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Three Levels of Freedom – Part 1

freedomIf our math is correct, we’re getting ready to celebrate the 233rd birthday of the Declaration of Independence here in the U.S. So we’ve been thinking about freedom.

Today we’ll start a five-part series on freedom. In the first three posts, we’ll explore three levels of freedom. They are: freedom of, freedom from, and freedom to.



Freedom of

With this level, we think freedom of expression, freedom of speech, freedom of religion and those sorts of things. If you’re like us, you probably think of these things as rights.

That is if you’re lucky enough to live in a society that guarantees those rights. If you’re reading this post, the odd are that you do live in such a society. We take away two points from this:

If you live in such a country, stop and be grateful.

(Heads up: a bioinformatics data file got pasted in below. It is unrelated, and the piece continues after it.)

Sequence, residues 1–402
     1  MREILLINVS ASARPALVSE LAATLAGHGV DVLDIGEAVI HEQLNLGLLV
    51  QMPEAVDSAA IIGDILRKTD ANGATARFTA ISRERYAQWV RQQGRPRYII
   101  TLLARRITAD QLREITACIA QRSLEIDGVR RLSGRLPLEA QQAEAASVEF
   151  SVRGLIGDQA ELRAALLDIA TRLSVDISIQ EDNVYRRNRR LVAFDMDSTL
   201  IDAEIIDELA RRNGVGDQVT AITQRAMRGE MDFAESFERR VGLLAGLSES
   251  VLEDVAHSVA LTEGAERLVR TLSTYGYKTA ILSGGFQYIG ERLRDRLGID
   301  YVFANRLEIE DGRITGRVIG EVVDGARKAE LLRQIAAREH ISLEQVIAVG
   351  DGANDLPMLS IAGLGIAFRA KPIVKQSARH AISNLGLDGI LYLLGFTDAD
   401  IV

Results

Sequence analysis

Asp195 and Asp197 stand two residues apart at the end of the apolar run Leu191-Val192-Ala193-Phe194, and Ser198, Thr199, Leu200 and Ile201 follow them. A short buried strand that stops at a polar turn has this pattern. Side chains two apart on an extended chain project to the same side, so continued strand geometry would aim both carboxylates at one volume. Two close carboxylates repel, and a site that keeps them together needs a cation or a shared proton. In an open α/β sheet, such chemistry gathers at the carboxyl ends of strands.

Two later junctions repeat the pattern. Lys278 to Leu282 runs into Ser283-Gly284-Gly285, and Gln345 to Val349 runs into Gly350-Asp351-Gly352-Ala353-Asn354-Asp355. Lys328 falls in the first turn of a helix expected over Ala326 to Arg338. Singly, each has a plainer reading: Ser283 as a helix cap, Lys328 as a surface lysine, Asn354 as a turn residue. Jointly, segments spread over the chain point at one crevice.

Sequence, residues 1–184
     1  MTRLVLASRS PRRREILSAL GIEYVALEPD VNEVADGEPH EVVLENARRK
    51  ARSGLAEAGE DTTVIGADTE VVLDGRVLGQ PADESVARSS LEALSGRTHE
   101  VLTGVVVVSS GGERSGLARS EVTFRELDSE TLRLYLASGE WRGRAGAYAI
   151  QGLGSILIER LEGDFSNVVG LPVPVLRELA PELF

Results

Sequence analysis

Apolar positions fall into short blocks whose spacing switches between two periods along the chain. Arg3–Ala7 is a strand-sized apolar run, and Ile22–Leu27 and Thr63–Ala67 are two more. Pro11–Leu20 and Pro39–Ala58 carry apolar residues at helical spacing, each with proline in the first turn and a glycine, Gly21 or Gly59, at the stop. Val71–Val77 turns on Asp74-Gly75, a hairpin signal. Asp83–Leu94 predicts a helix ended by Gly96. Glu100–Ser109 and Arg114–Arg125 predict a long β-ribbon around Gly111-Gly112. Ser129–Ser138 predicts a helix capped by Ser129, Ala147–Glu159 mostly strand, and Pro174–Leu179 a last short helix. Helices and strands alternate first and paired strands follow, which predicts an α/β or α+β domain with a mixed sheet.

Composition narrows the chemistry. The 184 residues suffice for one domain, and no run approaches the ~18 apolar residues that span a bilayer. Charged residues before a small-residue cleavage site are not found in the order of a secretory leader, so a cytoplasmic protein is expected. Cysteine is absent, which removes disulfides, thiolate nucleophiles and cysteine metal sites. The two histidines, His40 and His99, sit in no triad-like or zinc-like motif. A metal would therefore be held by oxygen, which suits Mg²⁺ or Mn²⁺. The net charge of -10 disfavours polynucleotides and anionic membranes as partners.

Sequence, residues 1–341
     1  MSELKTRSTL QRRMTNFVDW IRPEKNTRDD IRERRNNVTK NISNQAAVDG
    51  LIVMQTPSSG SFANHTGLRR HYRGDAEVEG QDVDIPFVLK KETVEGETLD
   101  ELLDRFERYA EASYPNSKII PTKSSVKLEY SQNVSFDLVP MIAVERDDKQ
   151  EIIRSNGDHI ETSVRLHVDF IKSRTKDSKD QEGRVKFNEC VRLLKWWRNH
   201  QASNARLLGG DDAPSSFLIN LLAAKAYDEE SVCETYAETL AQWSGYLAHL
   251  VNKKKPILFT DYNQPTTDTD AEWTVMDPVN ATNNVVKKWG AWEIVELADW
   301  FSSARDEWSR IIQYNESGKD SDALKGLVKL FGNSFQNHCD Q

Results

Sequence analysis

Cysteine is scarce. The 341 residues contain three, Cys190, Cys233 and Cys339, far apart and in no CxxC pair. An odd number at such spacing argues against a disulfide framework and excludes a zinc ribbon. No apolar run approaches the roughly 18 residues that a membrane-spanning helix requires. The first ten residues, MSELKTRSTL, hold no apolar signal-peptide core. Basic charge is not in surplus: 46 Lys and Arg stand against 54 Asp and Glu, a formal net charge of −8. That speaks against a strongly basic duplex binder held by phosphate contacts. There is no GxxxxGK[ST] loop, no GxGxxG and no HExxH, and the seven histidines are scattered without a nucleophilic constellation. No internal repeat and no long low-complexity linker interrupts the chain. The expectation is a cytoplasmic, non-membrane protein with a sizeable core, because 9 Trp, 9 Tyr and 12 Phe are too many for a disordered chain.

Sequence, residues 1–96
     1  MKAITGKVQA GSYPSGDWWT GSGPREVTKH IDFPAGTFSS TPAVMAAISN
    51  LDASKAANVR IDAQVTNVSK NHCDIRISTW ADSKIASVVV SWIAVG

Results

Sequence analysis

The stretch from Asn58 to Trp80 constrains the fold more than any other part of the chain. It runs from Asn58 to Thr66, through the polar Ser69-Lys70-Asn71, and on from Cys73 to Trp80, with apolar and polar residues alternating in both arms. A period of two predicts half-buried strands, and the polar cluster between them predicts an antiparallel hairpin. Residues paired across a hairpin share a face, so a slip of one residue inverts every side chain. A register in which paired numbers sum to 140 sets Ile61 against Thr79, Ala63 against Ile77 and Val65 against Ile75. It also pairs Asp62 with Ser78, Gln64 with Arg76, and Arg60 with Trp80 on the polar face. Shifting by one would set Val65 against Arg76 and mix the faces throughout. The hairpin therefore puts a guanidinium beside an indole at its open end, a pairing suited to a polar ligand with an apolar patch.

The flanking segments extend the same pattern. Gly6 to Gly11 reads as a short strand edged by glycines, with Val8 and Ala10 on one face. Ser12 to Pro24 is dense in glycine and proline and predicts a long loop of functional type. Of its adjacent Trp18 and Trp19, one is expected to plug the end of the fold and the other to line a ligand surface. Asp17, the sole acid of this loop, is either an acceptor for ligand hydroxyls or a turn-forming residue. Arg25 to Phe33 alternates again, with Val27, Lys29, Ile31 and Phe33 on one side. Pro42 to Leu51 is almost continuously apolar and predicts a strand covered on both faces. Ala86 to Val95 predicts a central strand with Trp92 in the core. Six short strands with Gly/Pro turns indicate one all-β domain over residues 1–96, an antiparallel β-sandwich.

You may see flaws in the system. You may see the misdoings of public officials. You may adamantly disagree with their decisions.

But, now and then, stop and be thankful that you live in a place where you can express your disagreement, if you choose to do so, without fear for your life. What a wonderful gift it is!

For the most part, societies that guarantee these freedoms do better than societies that don’t.
Isolation doesn’t work. It slows progress. In fact, isolation can actually cause societies to go backwards. We wonder, though, which comes first:

Does this infrastructure need to be in place so these countries develop, or …

Does this infrastructure result from the development?

We suspect the former – development is more likely to occur when this infrastructure is in place. When people feel that basic freedoms exist, they are free to develop things that aren’t likely to be developed in a closed society.

There is a lesson for leaders in this. Don’t just allow your people to express themselves; encourage it. That’s where creativity comes through.

Bigg success often starts with a bad idea. Ideas may seem bad at first hearing, but can evolve into something revolutionary. Such was the case about 233 years ago when a group of people declared their independence. We know the rest of that story!


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Thank you so much for reading our post today. Please join us next time when we’ll discuss the second level of freedom – freedom from. Until then, here’s to your bigg success!